Welcome to Anoothi

by Delta Donohue / Feb 24, 2010 /

It started with 18 women. They came from three villages outside of Jaipur, in the State of Rajasthan, in Northwestern India. These women were part of a Self Help Group (SHG). These groups came together on a monthly basis in a desire to learn more about health, hygiene and gender education. They were supported by the NGO, Vatsalya (www.vatsalya.org). Vatsalya coordinated training and helped them learn the basic concepts of microcredit. Each woman contributed an agreed amount of Rupees each month. It was different for each village, as the economic ability of each village was substantially different. Within the poorest village, each woman contributed 10 Rupees (approximately $0.21) each month, and within the wealthiest village, each woman contributed 100 Rupees (approximately $2.13) each month.

SHG’s are self-governed. They pool their monies and then loan to individual members as agreed upon by the total group. Vatsalya acts as an advisor and a party to all deposits/withdrawals to ensure transparency.

In talking with these women, there was a strong desire to do more; to create a business venture that would give these women the opportunity to gain a measure of economic self-sufficiency. Thus, Anoothi was born! Anoothi is a for-profit business, founded by Jaimala Gupta, that hires Indian village women, pays them  a fair market wage, and trains them in the production of semi-precious jewelry and native handicraft which is then marketed around the globe. Semi-precious jewelry seemed a natural fit as Jaipur is one of the world’s leading processors of semi-precious stones and it would take relatively little capital investment to get the business up and running. My role was to partner on the Indian side and then form a US business that could import their products and market them globally.

We began working to set up the introductory session and make sure the women agreed with moving forward. We had hired a jewelry designer who was going to come and give a basic overview of how the jewelry would be made. We set out to talk with the different villages. I realized very quickly how easy things are in the West. We can set up a meeting just by picking up a phone or sending an email. Coordinating between 3 villages meant an entire day’s worth of walking back and forth.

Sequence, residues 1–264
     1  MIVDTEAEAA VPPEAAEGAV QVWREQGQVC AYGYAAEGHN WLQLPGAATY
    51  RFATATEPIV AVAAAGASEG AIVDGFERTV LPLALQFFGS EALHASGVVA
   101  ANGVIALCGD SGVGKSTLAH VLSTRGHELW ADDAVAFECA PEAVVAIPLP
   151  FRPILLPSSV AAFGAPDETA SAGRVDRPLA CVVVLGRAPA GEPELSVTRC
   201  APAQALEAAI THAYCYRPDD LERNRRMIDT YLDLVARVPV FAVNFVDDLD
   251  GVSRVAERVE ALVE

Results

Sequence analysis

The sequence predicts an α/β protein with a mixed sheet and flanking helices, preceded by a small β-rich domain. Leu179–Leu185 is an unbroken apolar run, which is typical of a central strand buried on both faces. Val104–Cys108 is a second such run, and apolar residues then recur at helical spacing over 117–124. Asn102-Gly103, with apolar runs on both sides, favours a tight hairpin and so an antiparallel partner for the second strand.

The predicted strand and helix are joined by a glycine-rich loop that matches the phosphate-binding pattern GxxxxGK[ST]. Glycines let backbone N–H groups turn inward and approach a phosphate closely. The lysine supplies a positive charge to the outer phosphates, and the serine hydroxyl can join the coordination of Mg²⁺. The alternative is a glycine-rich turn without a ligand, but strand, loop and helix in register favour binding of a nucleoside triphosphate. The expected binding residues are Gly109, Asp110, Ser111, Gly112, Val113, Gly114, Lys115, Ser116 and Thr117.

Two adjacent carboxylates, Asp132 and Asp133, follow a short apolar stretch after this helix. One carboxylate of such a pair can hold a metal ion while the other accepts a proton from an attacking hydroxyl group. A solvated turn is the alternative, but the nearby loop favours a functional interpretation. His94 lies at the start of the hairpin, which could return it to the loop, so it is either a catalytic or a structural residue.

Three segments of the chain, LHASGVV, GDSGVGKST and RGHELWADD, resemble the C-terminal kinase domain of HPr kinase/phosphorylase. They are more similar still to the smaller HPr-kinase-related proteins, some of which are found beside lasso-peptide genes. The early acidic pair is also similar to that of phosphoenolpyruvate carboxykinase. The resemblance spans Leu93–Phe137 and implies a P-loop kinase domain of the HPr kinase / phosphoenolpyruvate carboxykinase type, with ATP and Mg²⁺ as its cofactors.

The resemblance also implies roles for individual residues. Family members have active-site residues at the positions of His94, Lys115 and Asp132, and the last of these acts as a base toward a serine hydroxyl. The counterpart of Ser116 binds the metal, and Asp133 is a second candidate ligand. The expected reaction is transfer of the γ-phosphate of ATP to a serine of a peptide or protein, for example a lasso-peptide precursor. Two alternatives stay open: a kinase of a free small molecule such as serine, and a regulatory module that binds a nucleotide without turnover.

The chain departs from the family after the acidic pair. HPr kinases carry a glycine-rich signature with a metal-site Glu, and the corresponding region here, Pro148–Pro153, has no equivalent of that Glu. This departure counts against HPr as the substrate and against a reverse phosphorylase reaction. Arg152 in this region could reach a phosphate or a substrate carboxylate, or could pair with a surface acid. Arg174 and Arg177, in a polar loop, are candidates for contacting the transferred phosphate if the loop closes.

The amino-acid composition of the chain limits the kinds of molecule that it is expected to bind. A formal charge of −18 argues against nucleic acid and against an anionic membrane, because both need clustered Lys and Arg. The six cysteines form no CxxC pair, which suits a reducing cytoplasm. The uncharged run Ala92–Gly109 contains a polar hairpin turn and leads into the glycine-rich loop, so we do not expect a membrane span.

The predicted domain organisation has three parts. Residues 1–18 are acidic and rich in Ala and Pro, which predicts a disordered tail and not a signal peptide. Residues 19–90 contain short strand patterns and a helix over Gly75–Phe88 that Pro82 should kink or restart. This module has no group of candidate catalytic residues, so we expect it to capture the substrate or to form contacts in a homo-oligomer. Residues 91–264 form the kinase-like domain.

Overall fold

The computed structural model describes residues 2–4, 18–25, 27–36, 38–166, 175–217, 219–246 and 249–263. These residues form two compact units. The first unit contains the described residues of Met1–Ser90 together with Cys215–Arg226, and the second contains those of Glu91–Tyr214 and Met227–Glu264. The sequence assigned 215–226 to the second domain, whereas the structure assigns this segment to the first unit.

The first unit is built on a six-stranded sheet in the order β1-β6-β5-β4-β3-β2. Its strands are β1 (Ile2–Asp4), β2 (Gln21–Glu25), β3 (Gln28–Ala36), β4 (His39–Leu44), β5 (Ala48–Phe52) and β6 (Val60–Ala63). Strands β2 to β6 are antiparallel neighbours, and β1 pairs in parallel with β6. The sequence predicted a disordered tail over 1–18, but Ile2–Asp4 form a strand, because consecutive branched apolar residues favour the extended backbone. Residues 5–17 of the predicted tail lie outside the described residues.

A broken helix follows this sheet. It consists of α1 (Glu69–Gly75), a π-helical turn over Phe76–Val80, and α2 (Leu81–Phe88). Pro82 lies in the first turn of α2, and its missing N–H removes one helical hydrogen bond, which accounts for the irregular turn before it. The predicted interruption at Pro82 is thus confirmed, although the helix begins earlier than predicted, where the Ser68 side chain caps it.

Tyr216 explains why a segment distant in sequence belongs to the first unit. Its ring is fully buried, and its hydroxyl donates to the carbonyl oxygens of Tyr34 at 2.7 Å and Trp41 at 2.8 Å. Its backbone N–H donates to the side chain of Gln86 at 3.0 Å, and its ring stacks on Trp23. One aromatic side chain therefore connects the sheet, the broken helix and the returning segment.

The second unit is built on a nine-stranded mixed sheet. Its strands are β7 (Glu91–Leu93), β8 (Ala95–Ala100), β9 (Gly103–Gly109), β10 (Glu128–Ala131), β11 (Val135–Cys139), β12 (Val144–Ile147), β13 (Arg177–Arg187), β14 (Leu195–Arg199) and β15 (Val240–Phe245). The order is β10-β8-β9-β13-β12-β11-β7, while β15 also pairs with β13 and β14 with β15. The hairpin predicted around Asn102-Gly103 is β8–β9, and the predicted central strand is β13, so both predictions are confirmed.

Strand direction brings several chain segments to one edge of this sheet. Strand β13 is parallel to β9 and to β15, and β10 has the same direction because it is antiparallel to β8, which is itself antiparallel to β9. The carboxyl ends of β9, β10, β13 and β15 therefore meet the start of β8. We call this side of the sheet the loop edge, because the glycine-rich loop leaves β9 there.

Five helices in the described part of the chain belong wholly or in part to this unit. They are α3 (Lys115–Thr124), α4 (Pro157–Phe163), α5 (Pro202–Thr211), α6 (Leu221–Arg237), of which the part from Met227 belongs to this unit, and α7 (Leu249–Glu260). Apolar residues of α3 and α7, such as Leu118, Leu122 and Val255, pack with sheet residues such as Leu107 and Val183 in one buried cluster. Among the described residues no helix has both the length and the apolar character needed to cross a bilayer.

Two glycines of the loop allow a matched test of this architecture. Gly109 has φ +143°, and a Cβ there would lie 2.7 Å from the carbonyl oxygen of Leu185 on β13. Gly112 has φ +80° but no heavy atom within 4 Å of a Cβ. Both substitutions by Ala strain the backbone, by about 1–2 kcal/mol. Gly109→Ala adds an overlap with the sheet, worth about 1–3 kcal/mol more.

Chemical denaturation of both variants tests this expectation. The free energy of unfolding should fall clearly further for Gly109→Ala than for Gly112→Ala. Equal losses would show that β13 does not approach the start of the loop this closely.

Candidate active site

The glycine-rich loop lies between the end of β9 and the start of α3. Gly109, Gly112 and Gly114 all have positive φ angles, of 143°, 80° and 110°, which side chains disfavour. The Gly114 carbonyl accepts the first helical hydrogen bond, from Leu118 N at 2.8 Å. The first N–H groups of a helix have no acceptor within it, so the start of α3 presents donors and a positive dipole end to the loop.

Anoothi - jewelry making in India

 

We first had to seek permission from the men in each village. There was a great deal of concern about whether the women would have enough time to be trained, involved in production, and still take care of all their daily responsibilities. Given how hard these women work, this was not an easy assurance to make, but after a great deal of talking back and forth, everyone finally agreed to give it a try.

The first session was set up one late afternoon in December of 2007. Chai and snacks were provided. Most of the women tied the snacks into an edge of their scarves to take home. We all sat in a great big circle on the floor. The “level” seating was important to demonstrate there was no caste hierarchy within the group.

 

Anoothi - jewelry making in India

 

The women were overtly suspicious at first. This may have been prompted by my presence, as a white foreigner, in their midst. Jaimala talked with them at length and answered all of their questions until they seemed to gain a comfort level.

Then the designer began to show them how to build simple necklaces. The sun began to set and solar lanterns were brought in. Before long the woman were crowded around the lanterns watching, learning and building their first necklaces. The excitement was contagious and soon the room was filled with laughter.

Before the women left, they held a quick SHG meeting. I watched them contribute their hard earned Rupees. Many of these women work out in the fields from sunrise to dusk and then take care of their family duties. None of the women are literate and so they all “signed” for their deposits with a fingerprint which was initialed by the Vatsalya representative. Two of the women had begun learning how to sign their name. At first they wanted to use their fingerprints, but they were encouraged by the entire group and eventually they wrote their names in Hindi script.

 

Anoothi - jewelry making in India

 

That was December 2007. Next month I’ll write more about where Anoothi is today. Feel free to check out our website at www.Anoothi.org or email me, Delta Donohue, at Delta[at]anoothi.org for more information. 

 

 

 

Delta Donohue is the Voices of India Editor for Wandering Educators. Click here to read more of her articles. 

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